(Reuters) - Warren Buffett’s Berkshire Hathaway Inc (BRKa.N) has become Bank of America Corp’s (BAC.N) largest shareholder by exercising its right to acquire 700 million shares at a steep discount, more than tripling an investment it made six years ago.
Berkshire is now the largest shareholder in the second- and third-largest U.S. banks, with stakes of roughly 6.6 percent in Bank of America and 10 percent in Wells Fargo & Co (WFC.N), according to Reuters data.
It also has an interest in JPMorgan Chase & Co (JPM.N), the largest U.S. bank, where Todd Combs, one of Buffett’s deputy portfolio managers, is a director.
Bank of America on Tuesday said Berkshire exercised warrants to acquire its shares for roughly $7.14 each, well below their closing price of $23.58, down 14 cents from Monday. The announcement was made after U.S. markets closed.
To pay for the shares, Berkshire swapped $5 billion of Bank of America preferred stock it had bought in August 2011.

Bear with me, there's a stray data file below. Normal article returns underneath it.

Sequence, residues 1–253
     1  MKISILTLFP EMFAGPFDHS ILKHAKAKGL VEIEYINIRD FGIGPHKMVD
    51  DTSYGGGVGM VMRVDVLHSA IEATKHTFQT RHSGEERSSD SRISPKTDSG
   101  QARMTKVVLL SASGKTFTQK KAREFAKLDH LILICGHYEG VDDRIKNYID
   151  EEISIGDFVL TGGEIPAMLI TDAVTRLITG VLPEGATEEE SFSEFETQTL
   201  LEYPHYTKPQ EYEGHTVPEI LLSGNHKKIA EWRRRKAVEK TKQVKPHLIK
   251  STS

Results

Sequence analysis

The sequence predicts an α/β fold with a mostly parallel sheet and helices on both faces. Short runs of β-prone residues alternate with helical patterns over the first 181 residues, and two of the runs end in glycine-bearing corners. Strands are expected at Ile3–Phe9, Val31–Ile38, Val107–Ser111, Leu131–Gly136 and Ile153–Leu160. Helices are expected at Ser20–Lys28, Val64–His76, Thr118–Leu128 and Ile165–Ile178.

Its new common shares are worth roughly $16.5 billion, giving Berkshire a roughly $11.5 billion paper profit.
Berkshire owns more than 90 businesses such as the Geico car insurer, Dairy Queen ice cream and the BNSF railroad.
Buffett has run the Omaha, Nebraska-based conglomerate since 1965. The billionaire turns 87 on Wednesday.
The swap was made possible by Bank of America’s decision in June to boost its dividend 60 percent, after the Charlotte, North Carolina-based lender passed a Federal Reserve “stress test” of its ability to navigate tough markets.
It also vindicates Buffett’s confidence in Bank of America Chief Executive Brian Moynihan, who accepted his money when the bank was only midway through cleaning up balance sheet and litigation issues tied to the U.S. housing and financial crises.
“In 2011, we welcomed Berkshire Hathaway as a shareholder, and we appreciate their continued support now as our largest common shareholder,” Moynihan said in a statement on Tuesday.
Berkshire will collect $336 million of annual dividends from Bank of America, more than the $300 million generated by the preferred stock. It also receives close to $800 million of annual dividends from Wells Fargo.
Reporting by Jonathan Stempel in New York; Editing by Dan Grebler